If the maximum magnitude on the line is greater than ¾ of the original pulse, there is an open circuit that is located relatively close. Otherwise, if the first peak is detected after a predetermined number of clock cycles, the cable tester 20 declares an open circuit. If the first peak is within after the predetermined number of clock cycles, the cable tester 20 declares a perfectly terminated cable. In one exemplary embodiment, the predetermined number of clock cycles is 33.

The cable status is determined by comparing the amplitude and distance of reflection to the lookup table 56 based on the type of cable being tested. There are two adjustable thresholds for open and short circuit cable. The default open threshold is from the experimental data of reflection amplitudes for CAT3 and CAT5 cable terminated with a first impedance value such as 333 Ohms. The default short circuit threshold is from the experimental data of reflection amplitude of CAT3 and CAT5 cable that is terminated with a second impedance value such as 33 Ohms. Other impedance values may be employed for generating thresholds.

If the measured amplitude falls between open and short circuit thresholds, the cable status is declared normal. If the amplitude is above the open circuit threshold, the cable status is declared an open circuit. If the amplitude is below a short circuit threshold, the cable status is declared a short circuit. The cable status, reflection amplitude and cable length are stored and/or displayed.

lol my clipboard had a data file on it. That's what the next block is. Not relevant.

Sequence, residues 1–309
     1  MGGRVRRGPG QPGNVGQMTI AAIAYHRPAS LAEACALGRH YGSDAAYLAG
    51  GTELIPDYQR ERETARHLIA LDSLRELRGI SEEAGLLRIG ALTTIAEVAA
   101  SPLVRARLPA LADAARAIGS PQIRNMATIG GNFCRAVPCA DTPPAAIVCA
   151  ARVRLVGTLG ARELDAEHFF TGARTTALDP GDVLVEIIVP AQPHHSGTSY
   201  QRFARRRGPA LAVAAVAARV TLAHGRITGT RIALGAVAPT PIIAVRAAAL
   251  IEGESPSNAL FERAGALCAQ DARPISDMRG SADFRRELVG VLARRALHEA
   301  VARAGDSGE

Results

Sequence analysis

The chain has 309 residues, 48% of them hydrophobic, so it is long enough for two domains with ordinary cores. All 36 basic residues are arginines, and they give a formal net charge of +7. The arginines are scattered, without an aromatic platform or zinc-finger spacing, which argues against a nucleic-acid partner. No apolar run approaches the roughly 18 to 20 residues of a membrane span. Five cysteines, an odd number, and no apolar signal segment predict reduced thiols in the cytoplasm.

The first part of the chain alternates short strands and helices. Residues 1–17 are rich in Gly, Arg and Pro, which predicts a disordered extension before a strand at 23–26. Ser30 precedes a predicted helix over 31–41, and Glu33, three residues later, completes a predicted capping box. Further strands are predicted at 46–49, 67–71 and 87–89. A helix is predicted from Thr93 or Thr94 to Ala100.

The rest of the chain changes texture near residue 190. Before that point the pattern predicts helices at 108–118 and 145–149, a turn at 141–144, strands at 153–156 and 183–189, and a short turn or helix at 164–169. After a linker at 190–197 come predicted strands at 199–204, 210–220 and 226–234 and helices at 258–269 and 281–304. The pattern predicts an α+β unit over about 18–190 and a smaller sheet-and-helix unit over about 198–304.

Referring now to FIG. 8, the cable tester can be implemented in an exemplary network device 300 that includes a physical layer device 308 and a cable tester or cable test module (CTM) 312, as described above. The network device 300 can be a switch 304 that includes an n port physical layer device 308 and a cable test module (CTM) 312. While the switch 304 is shown, any other network device 300 that contains a physical layer device, a port and the CTM can be used. For example, the network device 300 may be a network appliance, a computer, a switch, a router, a fax machine, a telephone, a laptop, etc.

Cables 314-1, 314-2, . . . , and 314-n can be connected to the switch 304 using connectors 318-1, 318-2, . . . , and 318-n, such as RJ-45 connectors or any other suitable connector type. The switch 304 can be connected to other network devices such as, but not limited to, computers, laptops, printers, fax machines, telephones and any other network device or network appliance.

In the embodiment shown in FIG. 8, the network device 300 includes a software or hardware based switch 324 that is used to trigger the cable test during operation. The network device 300 also includes one or more light emitting diodes (LEDs) 326-1, 326-2, . . . , and 326-n. If a single LED per port is used, the LEDs 326 are fully burdened during normal use. For example, the LEDs 326 are used to display the presence or absence of a link, link speed, link activity and other information during normal (non-cable-testing) use. While LEDs are shown, any other audio and/or visual indicator can be used. For example, audible tones from a speaker or other audio device can be used to indicate cable status. If the network device includes illuminated switches, the illumination of the switches can be flashed, brightened, dimmed or otherwise used to indicate cable status. Still other indicators include incandescent lights.